Conn. Employer Faces OSHA Fines

August 2, 2004

A Bridgeport, Conn., company that engages in the nationwide distribution of heavy steel beams has been cited by the U.S. Labor Department’s Occupational Safety and Health Administration (OSHA) for allegedly exposing employees to multiple workplace hazards.

Bushwick Metals Inc., of 560 North Washington Ave., is facing a total of $81,600 in fines for 36 alleged serious violations of the Occupational Safety and Health Act. OSHA’s combined safety and health inspections of the company’s facilities took place between Jan. 29 and April 7, 2004, and reportedly revealed that employees were being exposed to hazards ranging from slips, trips and falls to unguarded and hazardous equipment and machinery to fires and electrical shocks.

OSHA cited Bushwick Metals Inc. for 35 alleged serious violations of safety standards for exposing employees to hazards including: falls from access ways to overhead bridge cranes; numerous tripping hazards; slipping hazards; unguarded floor holes, open sided floors and stairways; exposed and improperly stored flammable materials; no procedures for dealing with potential releases of hazardous energy; defective and unsafe use of powered industrial trucks; defective cranes; electrical hazards; defective and unguarded equipment and machinery; among others. These alleged violations carry penalties totaling $80,400.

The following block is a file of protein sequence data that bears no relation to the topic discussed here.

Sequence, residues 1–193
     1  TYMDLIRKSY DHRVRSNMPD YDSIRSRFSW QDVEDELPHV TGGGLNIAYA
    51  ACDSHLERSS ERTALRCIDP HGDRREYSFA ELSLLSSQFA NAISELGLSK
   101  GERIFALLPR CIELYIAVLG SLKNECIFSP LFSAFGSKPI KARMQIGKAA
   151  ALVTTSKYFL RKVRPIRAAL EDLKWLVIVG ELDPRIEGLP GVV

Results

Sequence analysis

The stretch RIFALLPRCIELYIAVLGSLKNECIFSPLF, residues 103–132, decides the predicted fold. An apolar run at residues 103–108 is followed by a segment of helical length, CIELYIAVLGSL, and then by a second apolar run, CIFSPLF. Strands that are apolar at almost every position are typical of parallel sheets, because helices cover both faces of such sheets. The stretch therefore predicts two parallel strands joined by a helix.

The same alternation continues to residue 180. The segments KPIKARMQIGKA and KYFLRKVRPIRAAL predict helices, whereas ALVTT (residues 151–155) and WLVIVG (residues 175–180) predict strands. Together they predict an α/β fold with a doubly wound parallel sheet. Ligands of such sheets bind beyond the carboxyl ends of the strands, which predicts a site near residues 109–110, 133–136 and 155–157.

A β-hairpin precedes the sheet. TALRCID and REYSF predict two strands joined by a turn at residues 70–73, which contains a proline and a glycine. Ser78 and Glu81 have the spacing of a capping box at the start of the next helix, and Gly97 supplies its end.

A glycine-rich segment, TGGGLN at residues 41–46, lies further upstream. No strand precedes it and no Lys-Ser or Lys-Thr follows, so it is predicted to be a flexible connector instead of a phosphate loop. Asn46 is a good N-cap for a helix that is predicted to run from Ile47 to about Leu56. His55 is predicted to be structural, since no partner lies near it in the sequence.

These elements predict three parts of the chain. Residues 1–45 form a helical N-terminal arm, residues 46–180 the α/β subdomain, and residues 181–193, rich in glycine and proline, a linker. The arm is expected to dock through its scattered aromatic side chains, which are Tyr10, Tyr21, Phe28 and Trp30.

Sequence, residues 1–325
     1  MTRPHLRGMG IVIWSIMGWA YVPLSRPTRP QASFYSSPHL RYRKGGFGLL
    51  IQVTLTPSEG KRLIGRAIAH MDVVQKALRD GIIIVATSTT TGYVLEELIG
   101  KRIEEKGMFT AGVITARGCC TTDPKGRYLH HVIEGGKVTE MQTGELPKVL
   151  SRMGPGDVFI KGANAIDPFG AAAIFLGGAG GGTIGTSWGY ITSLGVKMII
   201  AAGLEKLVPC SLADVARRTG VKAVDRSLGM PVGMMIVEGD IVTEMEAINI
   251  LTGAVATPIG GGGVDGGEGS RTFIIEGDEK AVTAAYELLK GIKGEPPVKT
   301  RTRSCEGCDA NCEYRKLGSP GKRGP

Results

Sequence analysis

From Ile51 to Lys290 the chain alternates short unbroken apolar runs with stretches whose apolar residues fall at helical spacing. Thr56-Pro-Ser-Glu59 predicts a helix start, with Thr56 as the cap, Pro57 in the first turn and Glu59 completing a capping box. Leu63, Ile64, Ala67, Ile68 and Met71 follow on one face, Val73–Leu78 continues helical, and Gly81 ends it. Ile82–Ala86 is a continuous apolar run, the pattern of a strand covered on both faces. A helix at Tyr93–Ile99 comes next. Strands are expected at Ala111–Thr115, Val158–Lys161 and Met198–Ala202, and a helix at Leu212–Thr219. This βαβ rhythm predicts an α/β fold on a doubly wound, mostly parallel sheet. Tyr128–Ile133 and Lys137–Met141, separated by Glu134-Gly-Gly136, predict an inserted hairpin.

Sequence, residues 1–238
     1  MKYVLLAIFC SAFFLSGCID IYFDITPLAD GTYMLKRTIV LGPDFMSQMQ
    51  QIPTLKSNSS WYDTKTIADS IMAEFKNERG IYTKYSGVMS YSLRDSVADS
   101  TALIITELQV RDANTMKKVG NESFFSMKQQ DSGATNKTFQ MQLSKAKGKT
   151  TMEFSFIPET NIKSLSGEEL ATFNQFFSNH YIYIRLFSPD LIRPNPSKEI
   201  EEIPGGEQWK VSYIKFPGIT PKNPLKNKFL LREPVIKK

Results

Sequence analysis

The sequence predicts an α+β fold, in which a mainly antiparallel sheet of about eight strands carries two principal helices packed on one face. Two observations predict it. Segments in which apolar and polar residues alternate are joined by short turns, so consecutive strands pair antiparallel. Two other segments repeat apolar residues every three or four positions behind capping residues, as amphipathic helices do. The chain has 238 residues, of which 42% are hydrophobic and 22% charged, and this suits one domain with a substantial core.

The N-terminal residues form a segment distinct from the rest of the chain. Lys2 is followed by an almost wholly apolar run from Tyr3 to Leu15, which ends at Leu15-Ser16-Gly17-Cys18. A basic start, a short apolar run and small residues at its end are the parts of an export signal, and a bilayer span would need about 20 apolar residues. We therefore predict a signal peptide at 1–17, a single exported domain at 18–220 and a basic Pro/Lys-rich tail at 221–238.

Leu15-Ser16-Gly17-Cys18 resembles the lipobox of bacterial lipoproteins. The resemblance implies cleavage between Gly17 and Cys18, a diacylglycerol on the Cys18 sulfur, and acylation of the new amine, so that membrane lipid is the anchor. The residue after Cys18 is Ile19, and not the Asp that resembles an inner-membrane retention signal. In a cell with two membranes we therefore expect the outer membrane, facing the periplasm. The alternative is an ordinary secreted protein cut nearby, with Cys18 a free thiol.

The company was also cited for one alleged serious violation of OSHA’s health standards, with a $1,200 proposed penalty, for failing to maintain a list of hazardous chemicals used in the workplace and to have on hand material safety data sheets for those chemicals. Finally, the company was cited for four “other than serious” violations, which carry no proposed penalties. (A “serious” violation is cited for hazards that pose a substantial probability to cause serious physical harm or death to exposed employees.)

Bushwick Metals has 15 business days from receipt of the citations and proposed penalties to elect to comply with them, request and participate in an informal conference with OSHA, or contest them before the independent Occupational Safety and Health Review Commission.

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